The notion of sexism in any line of work should never ever be tolerated, but when you’re working in literally a “man’s world”, it’s ten times harder to get appreciated and accepted for what you are doing. Martha Lauzen, the executive director of the Center for the Study of Women in Television and Film says “Inequality reaches into every facet and corner of the business.” I believe it. Also, it’s not just the fact that women are less likely to get the green light on their films for producing, writing, and directing, but that they are less likely to get recognition from the films they actually make. You may not know this but, in 2019 the Hollywood Foreign Press Association faced backlash when they released the nominations for the best director category… it didn’t include a single women director. These institutions are made up of mostly, men who judge films based on certain criteria, though, in the recent past, the #MeToo and Time’s Up movements have exposed the injustices women in the film industry face.
This is appalling because in that year there were very strong contenders such as Greta Gerwig (Little Women), Lulu Wang (The Farewell), and Olivia Wilde (Booksmart). The issue of not including a single woman director was disappointing, to say the least. It’s hard enough for women to be taken seriously in the film industry on top of discrimination, sexism, then add the fact that women of all races on average earn, just 82 cents for every $1 earned by men of all races. Kate mentioned that when she does her projects, she “feels completely 100% committed to 50% equity for a role.” I find that though there are injustices and discrimination in almost every industry, hope is not lost. Women and Hollywood appraised that:
- “The top 500 films of 2019, movies with at least one female director employed greater percentages of women writers, editors, cinematographers, and composers than films with exclusively male directors.”.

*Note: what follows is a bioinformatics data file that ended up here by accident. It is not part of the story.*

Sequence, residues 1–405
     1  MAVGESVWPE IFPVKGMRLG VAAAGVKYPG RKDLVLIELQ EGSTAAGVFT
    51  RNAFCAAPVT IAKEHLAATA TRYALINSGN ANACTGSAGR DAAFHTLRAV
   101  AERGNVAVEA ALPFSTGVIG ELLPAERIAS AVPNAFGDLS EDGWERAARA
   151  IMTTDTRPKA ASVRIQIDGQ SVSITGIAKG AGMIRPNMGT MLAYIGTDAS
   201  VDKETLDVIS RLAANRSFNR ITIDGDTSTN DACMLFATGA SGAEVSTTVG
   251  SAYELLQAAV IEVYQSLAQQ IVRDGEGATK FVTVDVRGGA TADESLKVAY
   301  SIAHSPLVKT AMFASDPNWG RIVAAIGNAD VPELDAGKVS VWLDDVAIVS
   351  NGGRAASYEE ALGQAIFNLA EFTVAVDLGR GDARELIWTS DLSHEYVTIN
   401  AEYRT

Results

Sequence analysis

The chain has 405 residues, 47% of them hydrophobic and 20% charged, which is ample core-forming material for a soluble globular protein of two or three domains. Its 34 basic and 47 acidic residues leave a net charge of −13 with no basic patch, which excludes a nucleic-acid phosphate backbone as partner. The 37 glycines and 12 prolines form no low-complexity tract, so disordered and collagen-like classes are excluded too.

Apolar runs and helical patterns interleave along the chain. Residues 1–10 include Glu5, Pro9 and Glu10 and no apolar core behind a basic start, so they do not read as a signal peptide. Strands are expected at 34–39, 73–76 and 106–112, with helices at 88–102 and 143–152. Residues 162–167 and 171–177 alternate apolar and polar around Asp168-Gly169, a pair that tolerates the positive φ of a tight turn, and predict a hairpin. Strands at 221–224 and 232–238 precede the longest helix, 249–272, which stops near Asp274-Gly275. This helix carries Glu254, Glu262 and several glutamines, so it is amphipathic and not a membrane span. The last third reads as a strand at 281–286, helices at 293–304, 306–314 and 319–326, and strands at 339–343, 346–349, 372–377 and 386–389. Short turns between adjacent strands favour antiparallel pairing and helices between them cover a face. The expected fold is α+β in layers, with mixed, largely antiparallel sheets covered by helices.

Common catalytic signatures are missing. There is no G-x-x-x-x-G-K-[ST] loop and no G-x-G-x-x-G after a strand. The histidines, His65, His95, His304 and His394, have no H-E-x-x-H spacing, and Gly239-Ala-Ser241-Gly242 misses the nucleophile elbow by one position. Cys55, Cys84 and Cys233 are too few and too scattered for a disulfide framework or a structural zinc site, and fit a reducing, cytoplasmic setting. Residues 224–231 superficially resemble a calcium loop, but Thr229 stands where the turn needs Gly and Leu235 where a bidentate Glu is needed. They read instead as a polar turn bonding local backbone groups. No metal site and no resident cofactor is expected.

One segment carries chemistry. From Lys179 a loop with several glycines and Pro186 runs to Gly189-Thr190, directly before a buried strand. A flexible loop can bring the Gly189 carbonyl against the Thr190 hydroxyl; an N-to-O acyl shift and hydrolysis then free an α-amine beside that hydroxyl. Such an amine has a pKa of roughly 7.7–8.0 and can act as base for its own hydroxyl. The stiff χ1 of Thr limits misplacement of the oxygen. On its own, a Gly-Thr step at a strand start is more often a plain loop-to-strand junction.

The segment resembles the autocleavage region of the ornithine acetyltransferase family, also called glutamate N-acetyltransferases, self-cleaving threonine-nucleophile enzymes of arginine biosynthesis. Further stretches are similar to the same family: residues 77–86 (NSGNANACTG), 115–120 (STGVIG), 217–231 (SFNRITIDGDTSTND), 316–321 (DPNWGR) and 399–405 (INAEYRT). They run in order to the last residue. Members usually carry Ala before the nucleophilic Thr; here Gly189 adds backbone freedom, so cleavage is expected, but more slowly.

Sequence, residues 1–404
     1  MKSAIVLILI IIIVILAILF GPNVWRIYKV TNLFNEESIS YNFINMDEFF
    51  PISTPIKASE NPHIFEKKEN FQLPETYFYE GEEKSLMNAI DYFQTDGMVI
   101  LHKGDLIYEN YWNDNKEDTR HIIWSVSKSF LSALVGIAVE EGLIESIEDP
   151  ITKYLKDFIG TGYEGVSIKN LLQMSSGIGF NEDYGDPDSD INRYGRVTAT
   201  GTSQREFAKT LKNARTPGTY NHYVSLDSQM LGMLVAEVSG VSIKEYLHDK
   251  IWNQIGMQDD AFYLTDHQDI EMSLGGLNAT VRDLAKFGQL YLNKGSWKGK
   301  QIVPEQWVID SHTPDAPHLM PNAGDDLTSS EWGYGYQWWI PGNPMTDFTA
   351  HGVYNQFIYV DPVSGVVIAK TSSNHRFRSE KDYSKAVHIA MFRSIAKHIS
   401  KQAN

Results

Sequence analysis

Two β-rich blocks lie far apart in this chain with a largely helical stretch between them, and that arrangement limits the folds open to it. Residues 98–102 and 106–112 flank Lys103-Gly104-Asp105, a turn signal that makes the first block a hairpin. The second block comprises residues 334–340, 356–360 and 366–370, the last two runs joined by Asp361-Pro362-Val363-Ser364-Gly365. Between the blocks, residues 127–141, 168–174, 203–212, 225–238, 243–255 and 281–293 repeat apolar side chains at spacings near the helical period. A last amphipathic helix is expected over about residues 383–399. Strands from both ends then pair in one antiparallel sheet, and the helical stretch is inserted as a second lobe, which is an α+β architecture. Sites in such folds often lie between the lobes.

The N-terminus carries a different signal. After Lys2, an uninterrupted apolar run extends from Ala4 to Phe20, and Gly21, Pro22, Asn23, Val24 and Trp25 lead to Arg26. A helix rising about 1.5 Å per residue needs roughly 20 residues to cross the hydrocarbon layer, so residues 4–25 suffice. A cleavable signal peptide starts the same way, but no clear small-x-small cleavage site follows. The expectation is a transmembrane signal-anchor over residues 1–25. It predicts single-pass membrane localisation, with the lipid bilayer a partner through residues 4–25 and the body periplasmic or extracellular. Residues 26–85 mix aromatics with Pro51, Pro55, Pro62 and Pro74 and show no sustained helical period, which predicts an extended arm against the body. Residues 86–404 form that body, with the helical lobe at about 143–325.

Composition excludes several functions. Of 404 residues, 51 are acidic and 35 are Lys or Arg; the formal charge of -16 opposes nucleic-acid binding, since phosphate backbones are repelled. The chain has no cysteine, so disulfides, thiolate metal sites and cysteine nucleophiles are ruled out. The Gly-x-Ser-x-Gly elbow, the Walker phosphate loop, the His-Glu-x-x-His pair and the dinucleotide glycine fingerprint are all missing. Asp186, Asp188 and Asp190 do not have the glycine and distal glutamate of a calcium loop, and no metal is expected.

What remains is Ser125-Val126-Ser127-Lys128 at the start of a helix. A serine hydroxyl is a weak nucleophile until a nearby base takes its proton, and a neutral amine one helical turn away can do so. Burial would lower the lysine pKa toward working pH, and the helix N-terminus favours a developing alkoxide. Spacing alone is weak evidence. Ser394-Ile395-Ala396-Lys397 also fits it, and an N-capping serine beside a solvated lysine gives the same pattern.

- In 2018, films with casts that were 21-30% minority enjoyed the highest median global box office receipts. In 2019, this honor went to films with casts that were 41-50% minority.
Hope is never lost when you love what you do. As an aspiring filmmaker and editor, I know that if I work hard and stay true to myself and my goals, I can make it and every other woman breaking into the film industry today. I asked Kate if she had any aspiring words of wisdom, she mentioned one of the best ways to promote your values and work, is to reach out and network. The more you talk and represent, the better chance, your voice will be heard, and you never know by who. Though the industry is tough, it’s rewarding, and when you make something worth telling and showing to the world, your work is never in vain. As women in the industry continue to grow and make films and tell stories that are beautiful and important, nothing can stop them. Go forwards, my fellow filmmakers, inspire, dream, network, push, perceiver, and take action.
If you’re interested in learning more about Kate Kaminski’s work check out her website, https://gitgoproductions.weebly.com, and if you’re also interested in exploring female-produced films check out CherryPicks, read and watch reviews on recent films, and articles.